Welsh cakes are a type of griddle scone, with a dough closer to oven scones rather than a pancake batter used for drop scones. Soft and tender they are a wonderful finger food for toddlers. Unlike their English cousin scones, these welsh cakes don’t need the oven turning on as they are cooked in a pan on the stove top.
Traditionally Welsh cakes are sweet, made with sugar and currants. Here, I have made a savoury version with cheese and spring onions.
They are a great recipe to make with kids, as they can help you mix, roll out the dough, and cut them into circles or fun shapes. We love to cut them into cars, hearts, and flowers. Simple shapes make the most impact.
Welsh cakes are wonderfully quick and easy to whip up, and are made with store cupboard ingredients. In fact this Welsh cake recipe is my go-to bread alternative for lunch. We enjoy eating them freshly baked, on their own; or served with soup (they go particularly well with this Carrot & Red Lentil Soup) for a tasty lunch. I have also served them with a casserole before now!
Can you reheat Welsh cakes?
Yes, you can. Although they are best served warm, they are still tasty reheated. Gently reheat them in a frying pan or under the grill. Try melted a little more cheese on the top, cheese on toast style! Or for a quick mini pizza, spread a little tomato sauce or paste and sprinkle over cheese before placing under the grill.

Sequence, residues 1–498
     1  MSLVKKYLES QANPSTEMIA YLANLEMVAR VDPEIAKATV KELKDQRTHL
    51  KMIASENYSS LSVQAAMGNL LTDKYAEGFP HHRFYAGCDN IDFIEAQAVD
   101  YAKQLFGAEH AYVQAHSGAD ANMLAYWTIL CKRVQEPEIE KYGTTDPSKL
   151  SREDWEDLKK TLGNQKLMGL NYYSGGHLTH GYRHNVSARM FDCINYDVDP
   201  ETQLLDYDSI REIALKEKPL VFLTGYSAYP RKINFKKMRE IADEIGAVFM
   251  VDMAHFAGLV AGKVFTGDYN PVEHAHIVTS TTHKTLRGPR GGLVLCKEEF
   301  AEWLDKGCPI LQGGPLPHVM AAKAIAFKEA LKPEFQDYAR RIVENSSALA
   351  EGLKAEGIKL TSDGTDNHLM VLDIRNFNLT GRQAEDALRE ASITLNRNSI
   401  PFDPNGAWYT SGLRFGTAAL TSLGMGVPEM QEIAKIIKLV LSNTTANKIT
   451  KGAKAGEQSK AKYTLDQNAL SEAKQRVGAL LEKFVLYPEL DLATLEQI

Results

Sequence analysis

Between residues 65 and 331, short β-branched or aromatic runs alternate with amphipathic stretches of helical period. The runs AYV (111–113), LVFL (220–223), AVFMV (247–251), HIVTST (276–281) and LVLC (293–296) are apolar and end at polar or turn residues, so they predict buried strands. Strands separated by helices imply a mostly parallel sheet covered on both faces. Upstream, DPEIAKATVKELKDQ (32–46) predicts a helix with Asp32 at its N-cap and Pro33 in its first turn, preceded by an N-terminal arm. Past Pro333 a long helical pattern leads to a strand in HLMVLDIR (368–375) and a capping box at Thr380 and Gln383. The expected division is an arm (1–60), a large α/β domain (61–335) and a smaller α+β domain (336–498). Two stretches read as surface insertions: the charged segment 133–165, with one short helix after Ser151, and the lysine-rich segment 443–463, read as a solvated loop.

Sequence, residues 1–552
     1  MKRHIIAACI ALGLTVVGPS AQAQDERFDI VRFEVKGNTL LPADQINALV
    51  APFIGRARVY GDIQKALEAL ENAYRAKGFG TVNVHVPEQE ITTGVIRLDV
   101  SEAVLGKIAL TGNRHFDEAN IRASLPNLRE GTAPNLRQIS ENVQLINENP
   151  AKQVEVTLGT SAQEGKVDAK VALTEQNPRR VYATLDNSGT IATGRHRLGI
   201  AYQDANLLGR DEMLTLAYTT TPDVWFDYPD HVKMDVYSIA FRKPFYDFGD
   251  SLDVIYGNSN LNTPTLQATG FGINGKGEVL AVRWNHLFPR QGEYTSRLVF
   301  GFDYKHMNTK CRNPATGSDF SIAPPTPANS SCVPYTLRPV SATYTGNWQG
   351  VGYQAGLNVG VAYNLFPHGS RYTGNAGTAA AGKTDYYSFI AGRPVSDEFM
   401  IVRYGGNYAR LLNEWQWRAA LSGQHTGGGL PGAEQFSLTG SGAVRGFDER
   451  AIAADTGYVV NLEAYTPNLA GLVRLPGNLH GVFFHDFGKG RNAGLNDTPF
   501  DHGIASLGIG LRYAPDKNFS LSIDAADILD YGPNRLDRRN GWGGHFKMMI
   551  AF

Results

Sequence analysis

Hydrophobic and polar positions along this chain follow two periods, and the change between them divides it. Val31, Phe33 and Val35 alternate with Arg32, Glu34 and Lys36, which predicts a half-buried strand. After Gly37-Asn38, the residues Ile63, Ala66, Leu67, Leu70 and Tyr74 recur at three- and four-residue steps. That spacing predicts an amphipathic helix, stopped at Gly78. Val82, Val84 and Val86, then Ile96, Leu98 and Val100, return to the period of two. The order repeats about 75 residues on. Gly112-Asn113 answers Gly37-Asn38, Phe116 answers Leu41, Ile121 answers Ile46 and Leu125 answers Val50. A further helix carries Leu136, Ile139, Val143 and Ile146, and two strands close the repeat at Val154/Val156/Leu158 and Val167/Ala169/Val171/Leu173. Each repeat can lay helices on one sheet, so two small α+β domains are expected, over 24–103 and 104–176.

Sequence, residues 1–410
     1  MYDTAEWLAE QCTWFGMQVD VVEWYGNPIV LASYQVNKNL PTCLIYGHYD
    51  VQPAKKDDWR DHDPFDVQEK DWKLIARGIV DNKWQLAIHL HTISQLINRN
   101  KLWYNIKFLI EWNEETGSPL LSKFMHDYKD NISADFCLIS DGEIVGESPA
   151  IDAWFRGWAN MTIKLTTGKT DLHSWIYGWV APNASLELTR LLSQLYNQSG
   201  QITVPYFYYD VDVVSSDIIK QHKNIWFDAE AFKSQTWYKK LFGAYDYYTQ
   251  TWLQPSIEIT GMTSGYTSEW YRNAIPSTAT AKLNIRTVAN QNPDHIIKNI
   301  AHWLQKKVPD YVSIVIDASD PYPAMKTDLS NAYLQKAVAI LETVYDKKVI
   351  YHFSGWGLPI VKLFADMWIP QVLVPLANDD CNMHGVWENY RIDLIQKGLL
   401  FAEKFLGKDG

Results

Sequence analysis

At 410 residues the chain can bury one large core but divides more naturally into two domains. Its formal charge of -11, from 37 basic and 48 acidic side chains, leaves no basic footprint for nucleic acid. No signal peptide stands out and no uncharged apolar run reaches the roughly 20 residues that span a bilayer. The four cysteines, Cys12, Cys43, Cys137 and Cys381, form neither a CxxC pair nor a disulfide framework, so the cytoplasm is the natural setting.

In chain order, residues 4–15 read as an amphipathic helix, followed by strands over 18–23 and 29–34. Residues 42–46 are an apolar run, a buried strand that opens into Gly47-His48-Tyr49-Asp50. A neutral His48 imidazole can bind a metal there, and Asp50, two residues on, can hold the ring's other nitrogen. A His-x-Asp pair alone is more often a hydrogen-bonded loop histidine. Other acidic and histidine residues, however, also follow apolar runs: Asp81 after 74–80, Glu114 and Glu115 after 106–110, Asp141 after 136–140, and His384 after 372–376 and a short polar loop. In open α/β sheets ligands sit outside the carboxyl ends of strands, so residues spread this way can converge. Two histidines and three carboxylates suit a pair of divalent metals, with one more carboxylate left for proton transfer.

Can you freeze Welsh Cakes?
Yes. You can freeze both the raw dough (once cut into desired shapes), and cooked Welsh cakes. Place on a baking sheet and freeze for a couple of hours before placing them in a container or bag. They will freeze for up to a month. Cook from frozen, allowing a few more minutes each side and make sure they are warmed all the way through.
Make them your welsh cakes:
No onion: add a spoonful of chopped fresh chives
Other add ins: You could add a small amount of cooked leek, or ½ teaspoon mustard
Why not try…
Looking for more savoury snack recipes? You might like:
Or perhaps these from my friends (note: you’ll be taken to their sites):
Onion Patties – from It’s Not Complicated Recipes
Mini Bacon & Onion Pasties – from It’s Not Complicated Recipes
Cheddar and Spinach Muffins – from A Baking Journey
Tuna & Veggie Mini Quiches – from Kidgredients
Spicy Cheese Shortbread Biscuits – from The Cook’s Pyjamas
Cheese Welsh Cakes
- 225g (1.5 c) plain flour ($0.27 /£0.12p)
- 1 teaspoon baking powder ($0.10 /£0.03p)
- 100g (3.5 oz) butter, cubed ($1.30 /£0.56p)
- 1* spring onion, finely sliced ($0.40 /£0.06)
- 75g (2.5 oz) cheddar cheese, grated ($0.87 /£0.38p)
- 1 large egg, beaten ($0.35 /£0.18p)
- 1-2 tablespoons milk (you may need more) ($0.04 /£0.02p)
- olive oil, for frying ($0.16 /£0.08p)
- Place the flour and baking powder in a mixing bowl then lightly rub in the butter with your finger tips until the mixture resembles breadcrumbs.
- Add the onion and cheese and lightly stir before adding the egg and 1 tablespoon milk.
- You want a soft dough, so if the mixture feels dry add another tablespoon of milk.
- Roll the dough out on a floured surface or inbetween two sheets of greaseproof paper, to 1 cm thick.
- Using a 5-6cm round cutter (or hearts or cars…)cut out shapes, re-roll any scraps and cutting again, until all the dough has been used. There may be a little scrap left over, but don’t throw it away -this is a chefs perk! 😉
- Pour a little olive oil in a saucepan and wipe it around the pan with some kitchen towel – you want a very lightly greased pan.
- On a medium heat, fry the welsh cakes in 2-3 batches, depending on the size of your frying pan.
- Fry for 3 minutes each side, or until light to medium golden brown.
- At their best served warm. Mini Jones and I like them plain, Mr Jones prefers them spread with butter.